IT IS GOOD to remember a child at Christmas. But which one? And what do we do with Herod?
Recent painful news stories have again put children in the news spotlight. The treatment of Baby P and Shannon Matthews has unloosed outrage and self-righteousness. The response of the perpetrators does not help, of course. We wish to see writhing, repentance, and shame — not cold stares, from dead eyes.
Neither are we helped by the strong arm of the law as it takes them into custody: heads covered, they are driven away, and safely housed beyond our angry reach. What are we to do? The lynch mob in the human psyche likes to have a kill.
Meanwhile, a female social worker in the north of England is spat on in the supermarket. It was during the height of media interest in the Baby P story, and clearly the woman had no involvement in the case. She lived 300 miles away from the child, and visited London only once a year to see a West End show. But, when you cannot get to Herod, you have to find a substitute. And there she was — a social worker, and very reachable, as she unloaded her items at the till.
We are not surprised. After the abuse of the child comes the abuse of the social worker. The nature of the job means the only press is bad press — and this can destroy the spirit. Their heroics must remain confidential, just as their failures must be two-inch headlines.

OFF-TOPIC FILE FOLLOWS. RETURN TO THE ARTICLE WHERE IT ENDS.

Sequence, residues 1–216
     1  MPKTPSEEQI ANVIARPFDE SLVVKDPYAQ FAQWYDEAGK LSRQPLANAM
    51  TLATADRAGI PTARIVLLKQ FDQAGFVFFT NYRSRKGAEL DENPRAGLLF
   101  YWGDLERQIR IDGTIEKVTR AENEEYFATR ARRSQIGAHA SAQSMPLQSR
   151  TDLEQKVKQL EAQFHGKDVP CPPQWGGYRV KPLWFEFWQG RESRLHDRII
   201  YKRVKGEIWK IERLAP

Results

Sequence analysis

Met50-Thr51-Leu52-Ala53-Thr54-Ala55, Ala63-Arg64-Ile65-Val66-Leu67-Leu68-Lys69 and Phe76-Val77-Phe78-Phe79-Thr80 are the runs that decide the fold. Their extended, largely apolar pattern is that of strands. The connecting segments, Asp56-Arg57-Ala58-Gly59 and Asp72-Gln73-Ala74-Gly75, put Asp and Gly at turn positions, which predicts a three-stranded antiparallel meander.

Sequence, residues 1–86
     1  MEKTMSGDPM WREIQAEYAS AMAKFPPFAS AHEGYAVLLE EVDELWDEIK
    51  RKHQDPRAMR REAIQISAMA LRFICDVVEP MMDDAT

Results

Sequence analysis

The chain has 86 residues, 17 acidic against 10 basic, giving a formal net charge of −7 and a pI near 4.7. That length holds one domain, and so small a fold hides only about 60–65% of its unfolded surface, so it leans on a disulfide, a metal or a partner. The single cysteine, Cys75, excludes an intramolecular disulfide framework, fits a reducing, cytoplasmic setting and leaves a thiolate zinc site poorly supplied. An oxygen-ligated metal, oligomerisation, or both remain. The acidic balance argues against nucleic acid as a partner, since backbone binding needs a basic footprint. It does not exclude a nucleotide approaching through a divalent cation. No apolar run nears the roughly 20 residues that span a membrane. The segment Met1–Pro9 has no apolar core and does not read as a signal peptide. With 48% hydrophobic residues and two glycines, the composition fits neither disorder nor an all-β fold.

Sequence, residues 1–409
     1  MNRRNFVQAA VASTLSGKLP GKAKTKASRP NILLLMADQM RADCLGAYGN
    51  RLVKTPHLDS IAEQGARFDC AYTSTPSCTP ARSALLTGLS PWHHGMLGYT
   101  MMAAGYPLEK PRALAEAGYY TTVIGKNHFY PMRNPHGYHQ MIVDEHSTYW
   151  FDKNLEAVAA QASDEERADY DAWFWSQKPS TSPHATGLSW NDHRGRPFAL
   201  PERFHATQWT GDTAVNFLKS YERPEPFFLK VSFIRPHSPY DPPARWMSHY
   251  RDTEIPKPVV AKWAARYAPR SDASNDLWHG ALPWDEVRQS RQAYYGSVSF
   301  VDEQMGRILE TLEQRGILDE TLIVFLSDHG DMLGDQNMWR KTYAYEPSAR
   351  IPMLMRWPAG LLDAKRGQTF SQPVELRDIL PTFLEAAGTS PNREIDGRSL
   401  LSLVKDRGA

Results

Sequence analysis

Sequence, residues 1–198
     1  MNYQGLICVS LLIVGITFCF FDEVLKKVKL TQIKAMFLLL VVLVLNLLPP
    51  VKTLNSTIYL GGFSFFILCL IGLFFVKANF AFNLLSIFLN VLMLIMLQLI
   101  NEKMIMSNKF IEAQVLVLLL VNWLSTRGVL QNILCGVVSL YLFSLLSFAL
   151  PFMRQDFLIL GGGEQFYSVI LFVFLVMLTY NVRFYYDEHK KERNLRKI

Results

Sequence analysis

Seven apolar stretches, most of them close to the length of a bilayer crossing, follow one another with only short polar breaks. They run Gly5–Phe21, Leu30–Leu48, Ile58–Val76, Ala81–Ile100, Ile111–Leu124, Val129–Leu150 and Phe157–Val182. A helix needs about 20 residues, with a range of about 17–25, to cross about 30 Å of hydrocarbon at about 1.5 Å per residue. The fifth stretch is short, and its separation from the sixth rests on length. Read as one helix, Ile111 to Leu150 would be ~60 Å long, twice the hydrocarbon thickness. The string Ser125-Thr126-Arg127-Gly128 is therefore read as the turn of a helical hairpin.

But do they also need protecting from themselves? Two significant, if perhaps obvious, thresholds have been noted in London boroughs. The first is this: boroughs that experience the most child-protection referrals — those involving sexual, physical, or emotional abuse or neglect — employ a higher “danger threshold” than other boroughs. So a child who might receive instant protection in one borough will not necessarily receive it in another; we do in some measure have “postcode child protection” these days.
The second significant threshold is equally telling: social workers who have worked too long in child protection become immune. As one borough in London has realised, what a social worker might regard as unacceptable in his or her early days in the job, he or she might feel less strongly about two years down the line.
We are all brutalised by our circumstances — but there can be few who face such challenges as those in child protection. There is no happy day at work; and only the most remarkable of people could stay open to such daily awfulness.
This Christmas, whichever children hold our gaze, we will feel their vulnerability. Perhaps there will even be a strange recognition — we were so fragile once ourselves. We will not blame any Herod; for what is evil but ignorance unleashed? But we will not collude with him, either; for only truth will set our children free.